By Clara Denina
LONDON, March 18 (Reuters) - The biggest rally for mining
company shares since 2009 risks fizzling out as gains have
largely been driven by funds reversing bets on lower prices
rather than long-term investors looking for value.
The benchmark FTSE 350 mining index .FTNMX1770 , which
tracks the performance of the UK's 11 biggest listed miners, is
up 26 percent this year, the biggest quarterly gain since
September 2009, and marking a revival after three years of
Sentiment in the sector has been helped by a weaker U.S.
currency, which makes dollar-denominated commodities cheaper for
non-U.S. consumers and expectations that top consumer China will
use further stimulus to boost its flagging economic growth.
As a result prices of commodities such as copper CMCU3 ,
used widely in power and construction, have risen 7 percent this
year, while iron ore .IO62-CNI=SI is up 29 percent.
Equity investors have jumped on the bandwagon and miners
such as Anglo American AAL.L and Glencore GLEN.L have
recovered from last year's losses of more than 70 percent. Both
are up around 80 percent so far this year.
Data from the Financial Conduct Authority (FCA) shows funds'
net short positions in Anglo American are now at 4.5 percent
from a record high of 5.7 percent on Feb. 9, Glencore's dropped
to 2.5 percent from 5.6 percent in January and Rio Tinto's
RIO.L hit the lowest since August 2015 at 0.7 percent.
Short positions, essentially bets on lower prices, aimed to
profit from slowing economic and demand growth in China.
However, fund managers doubt the rally can be sustained as
demand in China, which accounts for nearly half of global use
of most industrial metals, remains weak and surpluses are
weighing on the market.
"It is difficult to see where you are going to get real
demand growth in China," said Malcolm McPartlin, UK equities
investment manager at Kames Capital.
"Only better supply and demand dynamics across markets like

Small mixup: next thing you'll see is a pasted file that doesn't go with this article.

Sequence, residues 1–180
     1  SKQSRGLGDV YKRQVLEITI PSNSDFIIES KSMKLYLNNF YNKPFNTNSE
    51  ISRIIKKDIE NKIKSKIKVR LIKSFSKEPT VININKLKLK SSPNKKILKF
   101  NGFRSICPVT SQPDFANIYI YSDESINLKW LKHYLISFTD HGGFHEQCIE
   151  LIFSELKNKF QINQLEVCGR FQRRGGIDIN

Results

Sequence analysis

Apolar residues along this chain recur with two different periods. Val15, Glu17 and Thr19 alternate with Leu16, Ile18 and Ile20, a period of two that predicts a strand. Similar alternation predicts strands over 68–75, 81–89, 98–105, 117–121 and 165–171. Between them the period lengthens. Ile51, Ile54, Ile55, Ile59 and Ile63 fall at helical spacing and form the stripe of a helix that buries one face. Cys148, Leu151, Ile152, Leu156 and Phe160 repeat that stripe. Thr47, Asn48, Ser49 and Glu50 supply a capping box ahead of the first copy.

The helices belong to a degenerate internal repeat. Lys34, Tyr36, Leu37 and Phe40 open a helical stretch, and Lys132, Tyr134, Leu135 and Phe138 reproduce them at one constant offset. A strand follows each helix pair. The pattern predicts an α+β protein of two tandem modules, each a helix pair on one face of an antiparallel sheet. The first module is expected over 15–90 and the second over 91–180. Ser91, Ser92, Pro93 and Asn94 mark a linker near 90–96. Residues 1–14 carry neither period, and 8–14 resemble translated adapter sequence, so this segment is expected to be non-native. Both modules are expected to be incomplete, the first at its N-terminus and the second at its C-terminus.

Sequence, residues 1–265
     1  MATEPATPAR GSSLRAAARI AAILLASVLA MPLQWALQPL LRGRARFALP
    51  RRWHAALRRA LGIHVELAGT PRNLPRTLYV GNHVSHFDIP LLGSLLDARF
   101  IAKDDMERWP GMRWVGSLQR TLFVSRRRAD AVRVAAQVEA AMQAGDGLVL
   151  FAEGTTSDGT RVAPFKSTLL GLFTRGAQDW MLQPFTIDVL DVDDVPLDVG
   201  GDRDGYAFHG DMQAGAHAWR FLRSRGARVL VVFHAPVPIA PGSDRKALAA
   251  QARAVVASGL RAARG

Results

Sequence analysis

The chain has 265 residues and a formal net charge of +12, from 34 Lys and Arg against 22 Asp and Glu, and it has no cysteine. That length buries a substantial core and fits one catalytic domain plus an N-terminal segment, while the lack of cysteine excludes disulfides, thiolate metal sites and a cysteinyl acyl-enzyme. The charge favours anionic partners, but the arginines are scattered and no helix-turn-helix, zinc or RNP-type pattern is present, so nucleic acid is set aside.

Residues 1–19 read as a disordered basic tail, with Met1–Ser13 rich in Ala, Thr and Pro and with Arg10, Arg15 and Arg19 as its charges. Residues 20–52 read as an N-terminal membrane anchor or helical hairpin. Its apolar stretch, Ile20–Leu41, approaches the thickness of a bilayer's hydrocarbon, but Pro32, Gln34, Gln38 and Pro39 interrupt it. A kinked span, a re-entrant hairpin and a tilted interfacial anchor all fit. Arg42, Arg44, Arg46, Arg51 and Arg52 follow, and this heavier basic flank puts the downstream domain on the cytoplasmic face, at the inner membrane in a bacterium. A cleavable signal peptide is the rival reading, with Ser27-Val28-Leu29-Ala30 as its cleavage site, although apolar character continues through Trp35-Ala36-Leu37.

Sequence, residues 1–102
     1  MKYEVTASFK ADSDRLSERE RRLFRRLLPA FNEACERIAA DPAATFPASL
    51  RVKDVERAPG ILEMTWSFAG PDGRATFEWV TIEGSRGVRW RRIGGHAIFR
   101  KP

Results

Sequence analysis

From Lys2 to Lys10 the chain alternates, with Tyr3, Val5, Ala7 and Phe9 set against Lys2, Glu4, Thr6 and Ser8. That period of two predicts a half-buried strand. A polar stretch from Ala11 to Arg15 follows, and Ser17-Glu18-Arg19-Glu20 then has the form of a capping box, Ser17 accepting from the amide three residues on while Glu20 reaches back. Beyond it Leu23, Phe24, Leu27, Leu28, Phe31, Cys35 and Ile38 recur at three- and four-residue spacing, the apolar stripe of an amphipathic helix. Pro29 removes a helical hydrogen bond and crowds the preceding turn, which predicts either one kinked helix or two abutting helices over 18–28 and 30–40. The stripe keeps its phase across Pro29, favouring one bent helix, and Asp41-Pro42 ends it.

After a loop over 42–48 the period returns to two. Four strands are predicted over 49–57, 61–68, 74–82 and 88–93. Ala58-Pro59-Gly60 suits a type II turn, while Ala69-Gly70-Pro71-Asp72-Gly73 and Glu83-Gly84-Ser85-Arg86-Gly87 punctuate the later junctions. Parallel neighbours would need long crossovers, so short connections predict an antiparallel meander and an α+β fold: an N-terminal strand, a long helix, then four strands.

iron ore and copper and also confidence in Chinese demand would
change our underweight position in the mining shares sector."
China, aiming to shift its economy away from manufacturing
towards consumption, has been behind the recent rout in metals
prices, which saw copper fall to 6-1/2 year lows of $4,318 in
It is also one of the main reasons why mining majors such as
BHP Billiton BLT.L , Rio, Glencore and Anglo American have had
to take tough decisions to slash capital expenditure, dividends
and sell assets.
According to data provider Preqin, 62 percent of
institutional investors said that natural resources funds had
not met their performance expectations over the past year and 41
percent plan to allocate less capital to the sector in 2016.
THS Partners fund manager Ali Miremadi said nothing has
changed fundamentally. THS, which has a 5-10 year view, holds an
underweight position in the mining sector.
"To go further from here one will want to see fundamental
recovery and realistically these are very long cycles," he said,
adding that the cycle will be dictated by the pace at which
miners cut output to offset weak demand growth from China.
Graphs on mining index vs copper price: http://reut.rs/1UCQIqe
(Editing by Pratima Desai and Keith Weir)
Add Chart to Comment
We encourage you to use comments to engage with users, share your perspective and ask questions of authors and each other. However, in order to maintain the high level of discourse we’ve all come to value and expect, please keep the following criteria in mind:
- Enrich the conversation
- Stay focused and on track. Only post material that’s relevant to the topic being discussed.
- Be respectful. Even negative opinions can be framed positively and diplomatically.
- Use standard writing style. Include punctuation and upper and lower cases.
- NOTE: Spam and/or promotional messages and links within a comment will be removed
- Avoid profanity, slander or personal attacks directed at an author or another user.
- Don’t Monopolize the Conversation. We appreciate passion and conviction, but we also believe strongly in giving everyone a chance to air their thoughts. Therefore, in addition to civil interaction, we expect commenters to offer their opinions succinctly and thoughtfully, but not so repeatedly that others are annoyed or offended. If we receive complaints about individuals who take over a thread or forum, we reserve the right to ban them from the site, without recourse.
- Only English comments will be allowed.
Perpetrators of spam or abuse will be deleted from the site and prohibited from future registration at Investing.com’s discretion.